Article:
Based on the stories of the Brothers Grimm, the well-known narratives of Cinderella, Jack and the Beanstalk and Little Red Riding Hood are woven together as they all enter the woods which are full of danger and opportunity. In the woods, there are mythical dangers – the giant and the wolf – but there are also real traumas such as marital strife and a parent’s sense of loss when their child leaves home.

And while these themes simmer just below the surface, they do not detract from the humour of the musical, which was executed well by the characters. The cast used the space at Lakeside really well – there was no curtain separating them from the audience and characters were often lurking in different parts of the theatre. The overall effect was of a folk play which reflected both the sense of tradition and timeless nature of the themes.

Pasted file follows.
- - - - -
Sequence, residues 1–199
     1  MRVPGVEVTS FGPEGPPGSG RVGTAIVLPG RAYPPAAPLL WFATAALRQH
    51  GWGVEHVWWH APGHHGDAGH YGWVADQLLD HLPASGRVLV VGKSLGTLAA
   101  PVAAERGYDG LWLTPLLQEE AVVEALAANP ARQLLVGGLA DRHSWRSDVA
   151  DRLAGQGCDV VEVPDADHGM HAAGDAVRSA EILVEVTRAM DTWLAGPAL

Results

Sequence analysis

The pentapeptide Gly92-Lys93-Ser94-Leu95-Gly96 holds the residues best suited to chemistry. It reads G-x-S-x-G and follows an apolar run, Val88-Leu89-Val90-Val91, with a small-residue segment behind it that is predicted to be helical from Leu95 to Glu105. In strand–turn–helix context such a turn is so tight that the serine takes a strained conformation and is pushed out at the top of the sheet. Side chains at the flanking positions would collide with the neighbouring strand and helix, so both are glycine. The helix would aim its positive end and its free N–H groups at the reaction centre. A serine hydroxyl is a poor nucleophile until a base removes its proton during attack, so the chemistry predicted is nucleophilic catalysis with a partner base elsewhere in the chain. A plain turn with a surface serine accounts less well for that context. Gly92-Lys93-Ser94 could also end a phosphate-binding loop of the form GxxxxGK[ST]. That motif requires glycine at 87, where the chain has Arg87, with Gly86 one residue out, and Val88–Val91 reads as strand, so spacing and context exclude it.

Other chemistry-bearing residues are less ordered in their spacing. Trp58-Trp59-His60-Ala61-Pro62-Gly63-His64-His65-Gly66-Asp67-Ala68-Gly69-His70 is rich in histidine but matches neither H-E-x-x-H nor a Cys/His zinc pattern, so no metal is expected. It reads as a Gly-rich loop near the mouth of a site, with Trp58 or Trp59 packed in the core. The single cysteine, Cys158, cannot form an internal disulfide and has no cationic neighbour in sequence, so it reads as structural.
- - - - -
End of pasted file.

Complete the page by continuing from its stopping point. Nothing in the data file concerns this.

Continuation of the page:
Stand out performances came from the cast members, who all had strong singing voices and did not waver during the long show. A special mention should go to youngster Mahesh Parmar who played the narrator and tackled some difficult songs. The orchestra too was flawless – and perhaps the only thing that let the performance down was a problem with the sound which meant we couldn’t hear some of it clearly enough.

Into the Woods runs until Saturday. For tickets visit the website.

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Landscape of dreams and madness in Woyzeck at Nottingham Playhouse

Before the curtain had risen at last night’s performance of Georg Buchner’s unfinished work Woyzeck at Nottingham Playhouse, we were greeted by a long-haired, demonic-looking narrator, resembling a circus entertainer who set the tone for what was to come.